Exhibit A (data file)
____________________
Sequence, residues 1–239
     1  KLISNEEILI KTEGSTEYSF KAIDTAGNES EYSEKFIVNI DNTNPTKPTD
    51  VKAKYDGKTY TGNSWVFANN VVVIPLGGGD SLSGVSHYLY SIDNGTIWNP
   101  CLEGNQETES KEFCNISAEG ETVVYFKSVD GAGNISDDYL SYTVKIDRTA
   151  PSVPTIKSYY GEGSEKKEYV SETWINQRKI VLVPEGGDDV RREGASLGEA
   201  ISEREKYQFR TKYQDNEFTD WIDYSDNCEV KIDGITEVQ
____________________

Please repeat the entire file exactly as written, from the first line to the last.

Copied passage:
Sequence, residues 1–239
     1  KLISNEEILI KTEGSTEYSF KAIDTAGNES EYSEKFIVNI DNTNPTKPTD
    51  VKAKYDGKTY TGNSWVFANN VVVIPLGGGD SLSGVSHYLY SIDNGTIWNP
   101  CLEGNQETES KEFCNISAEG ETVVYFKSVD GAGNISDDYL SYTVKIDRTA
   151  PSVPTIKSYY GEGSEKKEYV SETWINQRKI VLVPEGGDDV RREGASLGEA
   201  ISEREKYQFR TKYQDNEFTD WIDYSDNCEV KIDGITEVQ